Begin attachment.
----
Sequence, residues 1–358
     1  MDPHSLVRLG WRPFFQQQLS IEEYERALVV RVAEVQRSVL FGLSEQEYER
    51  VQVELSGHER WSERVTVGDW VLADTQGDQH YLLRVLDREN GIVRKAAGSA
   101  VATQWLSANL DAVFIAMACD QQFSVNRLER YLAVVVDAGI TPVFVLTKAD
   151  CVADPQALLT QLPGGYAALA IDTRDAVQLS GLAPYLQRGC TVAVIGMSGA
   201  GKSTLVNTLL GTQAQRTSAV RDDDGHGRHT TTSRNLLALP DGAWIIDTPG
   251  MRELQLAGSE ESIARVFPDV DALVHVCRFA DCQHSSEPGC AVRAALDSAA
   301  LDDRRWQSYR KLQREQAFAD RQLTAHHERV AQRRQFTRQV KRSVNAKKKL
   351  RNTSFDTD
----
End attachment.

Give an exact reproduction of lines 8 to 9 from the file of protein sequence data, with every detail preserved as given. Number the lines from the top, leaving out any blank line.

   301  LDDRRWQSYR KLQREQAFAD RQLTAHHERV AQRRQFTRQV KRSVNAKKKL
   351  RNTSFDTD